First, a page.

The dollar hovered around ¥98 in Tokyo trading late Thursday as traders awaited a meeting of the Group of 20 finance ministers and central bank chiefs.
At 5 p.m., the dollar stood at ¥97.99-99, against ¥98.11-12 at the same time Wednesday. The euro was at $1.3053-3053, down from $1.3158-3160, and at ¥127.90-93, down from ¥129.10-12.
The greenback dropped as low as around ¥97.60 in the morning in line with a dismal start by the Nikkei 225. But as the Nikkei almost recouped its initial losses by the early afternoon, the dollar climbed back to as high as around ¥98.40.
“Stock prices and the dollar-yen rate seemed to be closely linked. They showed a very strong correlation,” an official at a major Japanese bank said.
While the benchmark stock index again extended losses later, the dollar lost ground and traded in a narrower range around the ¥98 line, with traders retreating to the sidelines ahead of the G-20 meeting slated to Thursday in Washington.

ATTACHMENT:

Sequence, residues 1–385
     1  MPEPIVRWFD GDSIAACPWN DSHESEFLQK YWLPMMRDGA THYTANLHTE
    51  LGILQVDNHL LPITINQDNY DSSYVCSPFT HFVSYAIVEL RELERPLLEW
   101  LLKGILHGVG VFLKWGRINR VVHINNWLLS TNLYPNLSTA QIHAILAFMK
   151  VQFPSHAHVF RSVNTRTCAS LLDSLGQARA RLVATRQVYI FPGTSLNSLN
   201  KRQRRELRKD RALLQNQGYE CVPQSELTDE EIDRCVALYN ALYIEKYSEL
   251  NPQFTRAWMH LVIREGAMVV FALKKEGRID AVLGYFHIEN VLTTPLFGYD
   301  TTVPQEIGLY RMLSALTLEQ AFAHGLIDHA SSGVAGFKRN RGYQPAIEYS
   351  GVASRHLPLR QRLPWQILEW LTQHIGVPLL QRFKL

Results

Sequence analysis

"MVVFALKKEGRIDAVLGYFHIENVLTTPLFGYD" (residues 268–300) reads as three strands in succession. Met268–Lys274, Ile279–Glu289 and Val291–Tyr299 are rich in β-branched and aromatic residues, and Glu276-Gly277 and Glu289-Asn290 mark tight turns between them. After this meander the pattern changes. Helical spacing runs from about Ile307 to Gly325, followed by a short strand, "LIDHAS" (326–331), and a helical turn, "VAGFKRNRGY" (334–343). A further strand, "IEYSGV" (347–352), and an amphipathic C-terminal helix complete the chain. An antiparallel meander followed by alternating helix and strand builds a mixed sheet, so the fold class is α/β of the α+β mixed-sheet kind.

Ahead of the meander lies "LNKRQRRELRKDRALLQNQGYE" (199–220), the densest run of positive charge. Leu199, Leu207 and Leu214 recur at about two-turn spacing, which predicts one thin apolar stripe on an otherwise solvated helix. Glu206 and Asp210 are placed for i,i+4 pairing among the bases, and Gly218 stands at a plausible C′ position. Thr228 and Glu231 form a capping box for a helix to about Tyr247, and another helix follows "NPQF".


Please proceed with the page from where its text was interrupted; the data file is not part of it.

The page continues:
Overall, the dollar remained firm against the yen on the back of aggressive monetary easing by the Bank of Japan, traders said. “Sooner or later, the dollar will rise toward ¥100,” another Japanese bank official said.
The yen was also dampened by a government report Thursday that Japan incurred a record customs-cleared trade deficit of ¥8.17 trillion in fiscal 2012.
“There is no choice but to refrain from actively taking (yen-short) positions” ahead of the G-20 gathering, an official at a bank-affiliated securities firm said.
“At the G-20 meeting, the weaker yen is likely to avoid criticism, but the currency market will be susceptible to comments from top financial officials,” a market source said.